to involve them in decision-making so that they learn to apply limits for themselves; they should come to realize, for example, that they are responsible for their own health and need to practice health-promoting behaviors. But in the current food and activity environment—where palatable, energydense, and inexpensive foods are readily available and opportunities for sedentary behaviors are abundant—a degree of parental monitoring and limit setting is still needed to support eating and physical activity patterns that can maintain children’s energy balance at a healthy weight.


Parents’ eating behaviors can serve as models for children’s behavior (Fisher and Birch, 1995; Cutting et al., 1999). Such models, however, can be either positive or negative. The current epidemic of adult obesity and the epidemiological data on adults’ dietary and physical activity patterns suggest cause for concern (CDC, 2004a,b). But the public’s growing awareness of the obesity epidemic and of the health consequences of obesity, in children and adults alike, may change these patterns. When parents adopt a healthier lifestyle, they may foster the development of healthful behaviors and patterns in their children, in addition to positively affecting their own well-being. Researchers have provided evidence that modeling and enhanced familiarity have independent significant effects on food intake (Cullen et al., 2000, 2003). With respect to physical activity, the provision of instrumental support for children’s sports participation is associated with greater levels of physical activity among children (Davison et al., 2003).

Parents who consume fruits and vegetables, for example, have children who do the same (Cullen et al., 2001; Nicklas et al., 2001; Fisher et al., 2002). Comparable patterns are seen with milk intake, at least for mothers and daughters (Fisher et al., 2001). Similarly, parents who display their mastery of portion control can provide positive influences. Hill and colleagues have reported that mothers who diet or are restrained eaters tend to have daughters who show the same kinds of patterns (Hill et al., 1990; Pike and Rodin, 1991). Abramovitz and Birch (2000) found that mothers’ dieting is the best predictor of their 5-year-old daughters’ knowledge of dieting. Cutting and colleagues (1999) showed that familial similarities in mothers’ and daughters’ overweight status are mediated by similarities in “disinhibited overeating” (overeating in the absence of hunger).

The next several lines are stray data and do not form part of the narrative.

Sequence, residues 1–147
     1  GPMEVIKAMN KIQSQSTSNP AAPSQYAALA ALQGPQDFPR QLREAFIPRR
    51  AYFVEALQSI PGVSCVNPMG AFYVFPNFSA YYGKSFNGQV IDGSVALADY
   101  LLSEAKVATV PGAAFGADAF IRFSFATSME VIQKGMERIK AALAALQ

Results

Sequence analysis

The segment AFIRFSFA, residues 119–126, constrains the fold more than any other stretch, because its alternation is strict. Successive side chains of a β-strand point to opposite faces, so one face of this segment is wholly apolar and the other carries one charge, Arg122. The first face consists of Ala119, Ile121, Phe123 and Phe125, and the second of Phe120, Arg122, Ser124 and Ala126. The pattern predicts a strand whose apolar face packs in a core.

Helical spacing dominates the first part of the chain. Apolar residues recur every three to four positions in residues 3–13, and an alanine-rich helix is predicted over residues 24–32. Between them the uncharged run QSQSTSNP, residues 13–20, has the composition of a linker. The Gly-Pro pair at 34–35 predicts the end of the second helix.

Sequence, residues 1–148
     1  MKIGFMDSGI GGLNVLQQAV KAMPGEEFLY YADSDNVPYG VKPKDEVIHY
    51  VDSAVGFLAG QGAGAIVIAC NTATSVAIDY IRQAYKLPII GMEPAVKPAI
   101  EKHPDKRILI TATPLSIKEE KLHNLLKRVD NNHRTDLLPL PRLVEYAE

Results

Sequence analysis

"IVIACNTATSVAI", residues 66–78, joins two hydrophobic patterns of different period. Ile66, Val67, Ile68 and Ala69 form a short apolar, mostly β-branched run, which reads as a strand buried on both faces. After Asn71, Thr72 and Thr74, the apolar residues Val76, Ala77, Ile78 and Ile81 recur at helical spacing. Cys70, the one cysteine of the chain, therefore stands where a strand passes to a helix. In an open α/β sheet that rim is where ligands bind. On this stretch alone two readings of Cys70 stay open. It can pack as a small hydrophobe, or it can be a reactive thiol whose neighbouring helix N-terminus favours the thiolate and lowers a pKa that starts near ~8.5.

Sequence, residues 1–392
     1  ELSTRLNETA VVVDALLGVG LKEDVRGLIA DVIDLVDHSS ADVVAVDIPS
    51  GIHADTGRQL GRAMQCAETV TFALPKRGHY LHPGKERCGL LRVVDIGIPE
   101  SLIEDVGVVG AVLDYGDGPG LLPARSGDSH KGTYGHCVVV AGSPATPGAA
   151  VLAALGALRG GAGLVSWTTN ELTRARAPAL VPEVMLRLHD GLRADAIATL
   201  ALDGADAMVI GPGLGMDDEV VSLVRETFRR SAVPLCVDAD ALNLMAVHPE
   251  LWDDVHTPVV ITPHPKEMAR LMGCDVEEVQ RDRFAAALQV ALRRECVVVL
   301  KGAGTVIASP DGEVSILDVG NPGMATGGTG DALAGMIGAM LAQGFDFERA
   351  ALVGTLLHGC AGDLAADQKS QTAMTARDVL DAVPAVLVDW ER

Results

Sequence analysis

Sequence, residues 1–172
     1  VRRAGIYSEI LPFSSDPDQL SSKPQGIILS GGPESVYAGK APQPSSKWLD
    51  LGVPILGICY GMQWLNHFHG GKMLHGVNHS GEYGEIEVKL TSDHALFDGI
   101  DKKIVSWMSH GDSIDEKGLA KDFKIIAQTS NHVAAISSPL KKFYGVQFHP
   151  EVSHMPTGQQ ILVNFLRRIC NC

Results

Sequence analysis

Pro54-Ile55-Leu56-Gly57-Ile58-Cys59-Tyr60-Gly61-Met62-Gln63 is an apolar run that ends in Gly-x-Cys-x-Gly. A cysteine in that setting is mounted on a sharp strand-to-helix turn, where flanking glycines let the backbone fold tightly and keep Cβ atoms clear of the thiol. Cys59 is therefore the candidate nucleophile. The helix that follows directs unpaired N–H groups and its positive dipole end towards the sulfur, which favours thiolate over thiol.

As discussed earlier in this chapter, parents who are supportive of physical activity have children who are more physically active (Sallis et al., 1988; Davison et al., 2003). However, evidence for a direct effect of parent modeling on youth physical activity is inconsistent at best. This is in contrast to the stronger evidence for modeling regarding eating patterns. The discrepant findings may be explained by different mediators. If parents are

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